A PHENOMENOLOGICAL ANALYSIS OF RURAL WOMEN'S CHILDBIRTH PREFERENCES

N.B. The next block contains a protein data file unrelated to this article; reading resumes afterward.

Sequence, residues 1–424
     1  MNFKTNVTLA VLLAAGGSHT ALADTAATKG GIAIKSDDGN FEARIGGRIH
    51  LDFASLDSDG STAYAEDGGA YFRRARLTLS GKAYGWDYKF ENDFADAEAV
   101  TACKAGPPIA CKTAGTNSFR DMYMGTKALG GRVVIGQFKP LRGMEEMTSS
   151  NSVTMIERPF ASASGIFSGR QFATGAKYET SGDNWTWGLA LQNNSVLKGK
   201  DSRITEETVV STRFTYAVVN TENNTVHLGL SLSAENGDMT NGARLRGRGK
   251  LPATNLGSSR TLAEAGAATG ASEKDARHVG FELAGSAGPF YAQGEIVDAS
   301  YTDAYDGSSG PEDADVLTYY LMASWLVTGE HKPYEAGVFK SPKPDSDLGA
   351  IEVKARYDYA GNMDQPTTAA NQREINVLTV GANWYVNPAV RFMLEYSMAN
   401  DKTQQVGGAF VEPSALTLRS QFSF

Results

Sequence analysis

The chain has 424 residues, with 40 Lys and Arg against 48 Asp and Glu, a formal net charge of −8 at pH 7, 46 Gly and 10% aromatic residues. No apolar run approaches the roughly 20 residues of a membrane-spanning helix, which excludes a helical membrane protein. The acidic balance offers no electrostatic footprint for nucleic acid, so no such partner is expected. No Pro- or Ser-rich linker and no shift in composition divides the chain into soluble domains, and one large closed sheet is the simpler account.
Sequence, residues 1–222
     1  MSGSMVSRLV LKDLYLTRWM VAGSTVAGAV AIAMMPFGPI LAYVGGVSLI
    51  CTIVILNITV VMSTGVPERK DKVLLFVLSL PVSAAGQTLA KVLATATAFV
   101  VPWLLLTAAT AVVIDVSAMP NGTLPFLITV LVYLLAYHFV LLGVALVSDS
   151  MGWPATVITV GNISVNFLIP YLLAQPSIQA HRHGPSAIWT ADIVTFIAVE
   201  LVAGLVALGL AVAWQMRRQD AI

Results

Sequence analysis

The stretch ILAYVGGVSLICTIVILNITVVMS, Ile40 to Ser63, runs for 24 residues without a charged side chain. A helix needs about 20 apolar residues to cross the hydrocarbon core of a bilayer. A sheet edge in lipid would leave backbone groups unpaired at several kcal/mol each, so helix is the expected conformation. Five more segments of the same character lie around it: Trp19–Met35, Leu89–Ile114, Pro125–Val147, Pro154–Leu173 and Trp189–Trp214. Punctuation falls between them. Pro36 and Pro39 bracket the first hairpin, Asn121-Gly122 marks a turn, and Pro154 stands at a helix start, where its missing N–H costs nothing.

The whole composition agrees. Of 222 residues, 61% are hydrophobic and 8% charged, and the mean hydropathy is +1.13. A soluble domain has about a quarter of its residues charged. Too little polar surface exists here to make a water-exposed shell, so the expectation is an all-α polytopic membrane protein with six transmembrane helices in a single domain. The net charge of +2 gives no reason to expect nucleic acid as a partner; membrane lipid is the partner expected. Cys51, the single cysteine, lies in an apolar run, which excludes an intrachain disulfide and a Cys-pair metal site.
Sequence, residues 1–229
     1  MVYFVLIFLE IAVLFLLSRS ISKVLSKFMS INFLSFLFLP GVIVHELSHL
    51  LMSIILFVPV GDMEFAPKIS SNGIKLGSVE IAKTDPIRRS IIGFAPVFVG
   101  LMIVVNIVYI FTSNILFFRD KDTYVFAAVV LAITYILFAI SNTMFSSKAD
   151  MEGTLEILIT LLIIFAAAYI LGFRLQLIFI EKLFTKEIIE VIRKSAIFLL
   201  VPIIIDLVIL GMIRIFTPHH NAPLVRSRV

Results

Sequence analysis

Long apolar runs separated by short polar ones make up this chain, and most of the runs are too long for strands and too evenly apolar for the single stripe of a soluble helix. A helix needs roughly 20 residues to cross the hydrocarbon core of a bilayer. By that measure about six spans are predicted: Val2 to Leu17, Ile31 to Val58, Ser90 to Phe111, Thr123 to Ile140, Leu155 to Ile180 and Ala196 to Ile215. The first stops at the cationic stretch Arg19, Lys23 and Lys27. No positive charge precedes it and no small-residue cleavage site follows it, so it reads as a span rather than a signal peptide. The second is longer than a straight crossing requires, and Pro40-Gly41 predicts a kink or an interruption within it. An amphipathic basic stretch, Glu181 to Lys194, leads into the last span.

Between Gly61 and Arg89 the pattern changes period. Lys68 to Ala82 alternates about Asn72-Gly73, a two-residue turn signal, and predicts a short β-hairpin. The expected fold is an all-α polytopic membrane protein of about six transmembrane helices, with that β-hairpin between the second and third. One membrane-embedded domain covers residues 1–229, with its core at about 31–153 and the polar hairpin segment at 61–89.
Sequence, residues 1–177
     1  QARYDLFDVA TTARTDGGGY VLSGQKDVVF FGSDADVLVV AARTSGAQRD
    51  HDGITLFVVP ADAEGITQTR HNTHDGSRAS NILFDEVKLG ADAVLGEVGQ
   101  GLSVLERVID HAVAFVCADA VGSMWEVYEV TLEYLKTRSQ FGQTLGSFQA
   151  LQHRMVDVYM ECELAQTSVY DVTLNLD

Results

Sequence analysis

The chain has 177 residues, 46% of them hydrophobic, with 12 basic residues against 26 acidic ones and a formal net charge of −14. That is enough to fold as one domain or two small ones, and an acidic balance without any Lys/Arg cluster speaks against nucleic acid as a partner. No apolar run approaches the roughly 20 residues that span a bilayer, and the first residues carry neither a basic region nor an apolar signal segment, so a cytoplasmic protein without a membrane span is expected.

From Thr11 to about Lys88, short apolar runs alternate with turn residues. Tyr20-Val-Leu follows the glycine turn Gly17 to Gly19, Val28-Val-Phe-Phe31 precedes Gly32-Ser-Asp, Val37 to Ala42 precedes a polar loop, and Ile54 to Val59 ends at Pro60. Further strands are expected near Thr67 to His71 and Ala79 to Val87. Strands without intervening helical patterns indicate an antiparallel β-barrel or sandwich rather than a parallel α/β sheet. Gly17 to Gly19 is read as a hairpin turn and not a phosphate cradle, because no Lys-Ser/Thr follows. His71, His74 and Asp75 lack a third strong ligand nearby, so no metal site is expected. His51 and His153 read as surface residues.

Women’s agency and reproductive control have direct bearing on the outcome of their pregnancy as well as their future childbearing experiences. The present study is mainly concerned with the process of knowledge construction with regards to decision-making, in the context of childbirth planning. The study drew on cultural discourses to understand the societal and familial context which reinforces traditional home birthing. The study used anthropological approach and mainly relied on in-depth and narrative interviews that were conducted with 60 married women of childbearing age who went through the process of childbirth. Phenomenological ethnography is the methodology that used in-depth face to face interviews to collect narratives of experiential knowledge of the pregnancies and agency. Field findings indicate that significant determinants for these childbearing women included the desire for a natural childbirth experience, apprehensions regarding obstetric interventions by medical doctors, provision of emotional support, comfort and assistance provided by female relatives and traditional birth attendants and also the influence of their husbands who prefer their partners giving birth at home. In addition, another prominent finding of this study is the role of authoritative knowledge and shared experiences of older women that may deprive many young women from accessing maternal care survives at hospitals. The study concludes to enable rural women to make well informed decisions about their babies and bodies to improve the utilization of reproductive health care services in Pakistan.